(From the now offline AegisWeb site I used to manage but with new updated information)
What are Table Top Role-playing Games?
Heck, what are Role-playing games?

To define what a role playing game is we first look at what it is to play a role, what a game is, then tie the concepts together.

It might be surprising for many to learn they may have been playing role-playing games far longer than they realize.  Many girls even discover quite quickly that they have innately been enjoying them when they were young.

Defining: Role-playing
Have you ever…
… played cops and robbers?
… played cowboys and Indians?
… pretended to be something else be it astronaut, fireman, policeman, soldier, monster, singer, actor, superhero, knight, teacher, your mom or dad, or whatever else?
… played house?
… attended a party in costume?
… said "If I were him I'd do it this way …"?
… answered the question "What would you like to be when you grow up?"?
… acted in a skit, play, or movie?
- played a computer game?
… imagined you were a character from a fairy tale, novel, or movie?If you've ever done any of these you have already played a role. The very essence of playing a role is simply pretending that you are someone or something else in an imaginary world often other than reality.

Defining: Games

When kids play cowboys and Indians you will all too often hear "I shot you!" to which comes the reply "No, you missed!" and the argument continues. When in a costume party or pretending to be an astronaut one's pretense usually serves no particular end, the fun is simply in being. When acting in a play one is bound to a script.

Unlike acting in a play Games give players the freedom to take the character where they wish, in which case it more resembles improvisational theatre. Unlike the aimless play in costume, Games have a point or objective whether it be the achievement of a goal or simply the telling of a compelling narrative. Unlike the cowboys and Indians of younger days, Games come with rules to determine success or failure of actions.


Putting it all together: a Role Playing Game is an interactive exercise where players pretend to be their characters, making decisions regarding their character's actions in order to achieve an objective or tell a story. Rules assist in resolving actions and defining the imaginary world, be it realistic or fantastic, that the characters inhabit.

If you said Yes to any of the items listed above, then you probably realize that roleplaying games are very easy to get into and do not require any previous experience to enjoy.

In a TYPICAL role-playing game:

A typical roleplaying game group consists of at least two people. One is generally known as the Game Master and the other is the Player.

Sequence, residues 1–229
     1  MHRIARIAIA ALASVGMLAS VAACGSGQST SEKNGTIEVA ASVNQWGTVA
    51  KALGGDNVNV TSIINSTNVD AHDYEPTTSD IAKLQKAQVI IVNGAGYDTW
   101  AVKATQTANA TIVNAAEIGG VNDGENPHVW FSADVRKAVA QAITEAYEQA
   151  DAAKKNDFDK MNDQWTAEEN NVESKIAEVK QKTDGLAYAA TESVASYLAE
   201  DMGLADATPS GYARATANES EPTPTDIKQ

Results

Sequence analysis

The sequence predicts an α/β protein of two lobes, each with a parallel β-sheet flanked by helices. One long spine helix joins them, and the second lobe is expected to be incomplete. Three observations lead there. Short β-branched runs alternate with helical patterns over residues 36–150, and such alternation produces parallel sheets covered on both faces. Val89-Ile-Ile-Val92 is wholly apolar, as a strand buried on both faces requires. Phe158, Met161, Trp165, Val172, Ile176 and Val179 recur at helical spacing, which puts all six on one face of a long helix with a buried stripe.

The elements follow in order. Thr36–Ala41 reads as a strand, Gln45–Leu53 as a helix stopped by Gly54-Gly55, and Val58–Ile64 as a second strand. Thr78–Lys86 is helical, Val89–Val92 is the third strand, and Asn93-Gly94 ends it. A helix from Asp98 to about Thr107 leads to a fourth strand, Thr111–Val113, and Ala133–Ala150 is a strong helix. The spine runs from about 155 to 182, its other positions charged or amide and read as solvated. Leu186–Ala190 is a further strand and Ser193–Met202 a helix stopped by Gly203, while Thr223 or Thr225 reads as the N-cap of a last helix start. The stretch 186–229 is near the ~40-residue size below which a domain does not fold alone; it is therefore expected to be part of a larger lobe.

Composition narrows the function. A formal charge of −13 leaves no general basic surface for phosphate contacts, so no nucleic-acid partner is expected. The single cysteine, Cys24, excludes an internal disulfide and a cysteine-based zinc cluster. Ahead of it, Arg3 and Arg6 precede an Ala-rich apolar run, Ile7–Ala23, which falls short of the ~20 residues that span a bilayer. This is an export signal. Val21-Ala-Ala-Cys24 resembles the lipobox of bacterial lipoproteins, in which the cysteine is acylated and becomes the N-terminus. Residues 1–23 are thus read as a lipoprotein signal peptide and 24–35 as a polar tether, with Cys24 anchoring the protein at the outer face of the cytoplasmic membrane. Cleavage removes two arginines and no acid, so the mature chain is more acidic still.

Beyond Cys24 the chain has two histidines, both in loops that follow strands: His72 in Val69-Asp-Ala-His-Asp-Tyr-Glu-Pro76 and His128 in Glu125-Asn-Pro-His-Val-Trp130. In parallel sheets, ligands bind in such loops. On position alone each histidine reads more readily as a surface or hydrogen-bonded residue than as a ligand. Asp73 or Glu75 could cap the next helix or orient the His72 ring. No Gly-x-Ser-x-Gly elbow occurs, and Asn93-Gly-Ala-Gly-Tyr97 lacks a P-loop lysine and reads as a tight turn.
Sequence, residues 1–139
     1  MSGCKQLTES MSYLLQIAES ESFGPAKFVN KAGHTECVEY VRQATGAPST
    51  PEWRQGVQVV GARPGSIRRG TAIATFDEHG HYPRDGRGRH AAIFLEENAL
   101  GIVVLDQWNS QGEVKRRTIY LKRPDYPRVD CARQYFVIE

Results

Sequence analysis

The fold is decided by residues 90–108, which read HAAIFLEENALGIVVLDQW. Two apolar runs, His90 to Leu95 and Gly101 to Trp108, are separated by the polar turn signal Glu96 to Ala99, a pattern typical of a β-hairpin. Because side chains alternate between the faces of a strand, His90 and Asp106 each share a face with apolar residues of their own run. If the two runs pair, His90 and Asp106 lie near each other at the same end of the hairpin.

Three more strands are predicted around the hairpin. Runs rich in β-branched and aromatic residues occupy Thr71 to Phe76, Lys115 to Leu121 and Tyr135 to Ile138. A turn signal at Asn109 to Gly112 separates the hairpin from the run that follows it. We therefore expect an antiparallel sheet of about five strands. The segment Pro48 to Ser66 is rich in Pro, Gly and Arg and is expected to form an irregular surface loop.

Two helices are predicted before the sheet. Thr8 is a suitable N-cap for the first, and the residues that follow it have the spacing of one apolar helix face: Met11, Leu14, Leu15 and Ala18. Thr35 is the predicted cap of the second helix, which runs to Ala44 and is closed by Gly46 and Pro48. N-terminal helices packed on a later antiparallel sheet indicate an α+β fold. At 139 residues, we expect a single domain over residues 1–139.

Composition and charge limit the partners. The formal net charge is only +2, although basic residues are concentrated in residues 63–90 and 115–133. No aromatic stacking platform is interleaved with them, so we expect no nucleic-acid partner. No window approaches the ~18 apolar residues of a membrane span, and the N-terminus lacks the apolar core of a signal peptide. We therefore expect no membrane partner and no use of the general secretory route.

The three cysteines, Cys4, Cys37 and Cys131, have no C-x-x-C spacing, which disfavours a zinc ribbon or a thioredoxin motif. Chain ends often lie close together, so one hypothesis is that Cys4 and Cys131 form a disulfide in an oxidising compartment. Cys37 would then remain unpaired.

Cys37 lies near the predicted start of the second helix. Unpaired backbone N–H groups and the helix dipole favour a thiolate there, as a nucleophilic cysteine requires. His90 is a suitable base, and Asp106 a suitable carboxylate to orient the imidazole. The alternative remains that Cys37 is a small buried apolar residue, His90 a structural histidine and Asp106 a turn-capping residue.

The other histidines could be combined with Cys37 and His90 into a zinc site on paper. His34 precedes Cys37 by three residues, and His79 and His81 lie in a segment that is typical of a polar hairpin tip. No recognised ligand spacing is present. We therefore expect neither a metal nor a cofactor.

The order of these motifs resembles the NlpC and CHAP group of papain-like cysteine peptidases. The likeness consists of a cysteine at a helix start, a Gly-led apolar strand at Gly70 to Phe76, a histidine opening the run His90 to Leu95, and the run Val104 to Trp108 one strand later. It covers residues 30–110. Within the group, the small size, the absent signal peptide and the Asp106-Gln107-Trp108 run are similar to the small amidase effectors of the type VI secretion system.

While some games have more unique or interesting twists to their rules, a typical roleplaying game as the Player portraying a specific character in a game, and the Game Master handling everyone else and the very world the game is set in.


The Game Master (or Storyteller, Dungeon master, Holly Hock God, etc) is the one responsible for setting up the world and the story or the objective. The GM manages all the characters and objects existing in that world except for the characters run by the players. The GM with the help of the game rules also manages the flow of events by determining the results of actions the players' characters take. Simply stated, the GM becomes the RPG world.

The Players each take on the role of one character of that game world. You can think of that character as the player's playing piece. Each player declares actions their characters would take according to how they deem the characters would behave given the situation existing at any time. Putting it in a movie analogy, the players play the lead characters of the movie, except they do not follow a script, instead reacting to events as they happen.

However, later versions of role-playing games have challenged even this normal format.  In some games, like John Wick's Houses of the Blooded, the players co-write the story with the game master as they use their wagers in the game to add facts that cannot be disputed by other players.    There are also games now which eliminate the need for an actual game master and instead have all the players work together in keeping the game going.  Games have explored many forms of challenge resolution, with the most common being via dice, but others going different directions (i.e. Tarot cards for Psychosis, playing cards for Castle Falkenstein, or wordplay for Amber.)

Ultimately, Table Top role-playing games in my opinion will always have an advantage over computer games that call themselves role-playing games.   With the infinite budget for special effects and graphics present (your brain), the always existing aspect of socialization and interaction with others, the creative challenge that the game requires its players always present, and with the simplicity of how a game is set up at its most basic (you can actually have a game with no sheets, and just a coin to act as your "randomizer") table top gaming will always be a hobby and passion of mine which I will love to share and teach others to try.

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